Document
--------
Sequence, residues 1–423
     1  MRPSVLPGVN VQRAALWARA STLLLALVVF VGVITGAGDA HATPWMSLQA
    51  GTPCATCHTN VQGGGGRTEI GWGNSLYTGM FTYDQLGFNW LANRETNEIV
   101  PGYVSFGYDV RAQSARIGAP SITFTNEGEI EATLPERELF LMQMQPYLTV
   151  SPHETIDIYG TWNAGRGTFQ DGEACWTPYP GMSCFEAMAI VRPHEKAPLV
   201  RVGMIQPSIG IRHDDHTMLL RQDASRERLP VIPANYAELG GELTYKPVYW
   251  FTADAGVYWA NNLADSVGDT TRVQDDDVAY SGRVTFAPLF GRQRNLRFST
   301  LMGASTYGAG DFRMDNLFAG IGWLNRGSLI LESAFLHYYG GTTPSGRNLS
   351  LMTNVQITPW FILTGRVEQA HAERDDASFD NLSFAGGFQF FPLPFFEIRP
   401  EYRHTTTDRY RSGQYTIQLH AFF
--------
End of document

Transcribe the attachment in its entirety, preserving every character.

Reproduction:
Sequence, residues 1–423
     1  MRPSVLPGVN VQRAALWARA STLLLALVVF VGVITGAGDA HATPWMSLQA
    51  GTPCATCHTN VQGGGGRTEI GWGNSLYTGM FTYDQLGFNW LANRETNEIV
   101  PGYVSFGYDV RAQSARIGAP SITFTNEGEI EATLPERELF LMQMQPYLTV
   151  SPHETIDIYG TWNAGRGTFQ DGEACWTPYP GMSCFEAMAI VRPHEKAPLV
   201  RVGMIQPSIG IRHDDHTMLL RQDASRERLP VIPANYAELG GELTYKPVYW
   251  FTADAGVYWA NNLADSVGDT TRVQDDDVAY SGRVTFAPLF GRQRNLRFST
   301  LMGASTYGAG DFRMDNLFAG IGWLNRGSLI LESAFLHYYG GTTPSGRNLS
   351  LMTNVQITPW FILTGRVEQA HAERDDASFD NLSFAGGFQF FPLPFFEIRP
   401  EYRHTTTDRY RSGQYTIQLH AFF